Before the Human Rights Act 1998, you could not complain on European Convention on Human Rights grounds to domestic courts.
The UK as a state was signatory to and therefore bound by the Convention. However, public authorities in the UK were not required by domestic law to comply with the Convention. In some circumstances domestic courts could take into account the Convention but nevertheless they were not bound by it.
The fact that (generally) before making an application to the European Court of Human Rights you had to exhaust all available domestic processes just means that the state was entitled to the opportunity to make things right, there was some political leeway afforded to it, and the practical matter of cutting down the sheer number of cases to be heard by the European Court.
It is a bit like having to exhaust a regulated company's complaints process before complaining to the regulator. The regulator will tend to reject the complaint if the complainant hasn't been through the company's (reasonable) steps.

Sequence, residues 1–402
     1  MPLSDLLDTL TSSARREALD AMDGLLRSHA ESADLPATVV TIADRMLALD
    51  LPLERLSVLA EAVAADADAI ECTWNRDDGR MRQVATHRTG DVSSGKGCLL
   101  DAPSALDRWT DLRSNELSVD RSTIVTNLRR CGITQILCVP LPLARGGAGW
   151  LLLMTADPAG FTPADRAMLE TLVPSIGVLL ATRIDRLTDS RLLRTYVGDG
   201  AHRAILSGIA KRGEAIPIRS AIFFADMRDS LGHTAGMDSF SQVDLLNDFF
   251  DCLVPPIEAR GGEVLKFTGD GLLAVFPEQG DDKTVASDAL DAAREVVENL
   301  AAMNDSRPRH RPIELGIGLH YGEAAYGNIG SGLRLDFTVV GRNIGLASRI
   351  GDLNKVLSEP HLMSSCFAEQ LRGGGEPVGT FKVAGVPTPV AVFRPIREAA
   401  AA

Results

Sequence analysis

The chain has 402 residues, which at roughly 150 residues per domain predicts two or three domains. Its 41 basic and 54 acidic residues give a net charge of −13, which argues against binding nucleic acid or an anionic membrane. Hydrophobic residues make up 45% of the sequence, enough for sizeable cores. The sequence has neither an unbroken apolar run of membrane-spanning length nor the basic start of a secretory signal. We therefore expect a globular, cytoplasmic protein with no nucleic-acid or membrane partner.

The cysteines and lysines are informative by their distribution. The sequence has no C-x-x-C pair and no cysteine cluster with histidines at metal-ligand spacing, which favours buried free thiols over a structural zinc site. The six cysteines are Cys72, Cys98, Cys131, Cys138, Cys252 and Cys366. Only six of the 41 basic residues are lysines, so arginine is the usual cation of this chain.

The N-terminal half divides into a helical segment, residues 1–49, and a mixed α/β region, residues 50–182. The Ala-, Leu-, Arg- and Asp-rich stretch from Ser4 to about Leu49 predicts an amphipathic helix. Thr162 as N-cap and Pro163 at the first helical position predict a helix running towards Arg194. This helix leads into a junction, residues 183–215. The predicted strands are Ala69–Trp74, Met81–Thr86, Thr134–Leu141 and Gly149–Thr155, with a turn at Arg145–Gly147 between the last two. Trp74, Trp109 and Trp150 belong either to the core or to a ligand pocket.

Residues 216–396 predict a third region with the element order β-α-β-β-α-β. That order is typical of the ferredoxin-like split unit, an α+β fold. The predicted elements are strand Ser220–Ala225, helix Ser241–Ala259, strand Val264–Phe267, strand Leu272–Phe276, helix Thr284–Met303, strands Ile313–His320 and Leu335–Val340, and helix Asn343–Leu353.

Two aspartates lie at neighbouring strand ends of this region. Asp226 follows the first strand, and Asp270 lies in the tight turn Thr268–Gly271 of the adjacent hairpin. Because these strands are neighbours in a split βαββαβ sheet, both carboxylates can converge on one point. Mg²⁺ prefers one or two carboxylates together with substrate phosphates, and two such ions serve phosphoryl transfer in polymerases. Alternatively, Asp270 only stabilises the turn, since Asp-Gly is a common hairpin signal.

Among other things the Human Rights Act 1998 gave effect to the European Convention in Human Rights law. Now public authorities including the courts were bound by the Convention and complaints could be made domestically on Convention rights grounds.
Chapter 1 of the White Paper for the-then Human Rights Bill may be of interest:
Alternatively paragraphs 10-17 of The Government's Independent Review of the Human Rights Act https://publications.parliament.uk/pa/jt5802/jtselect/jtrights/89/8905.htm.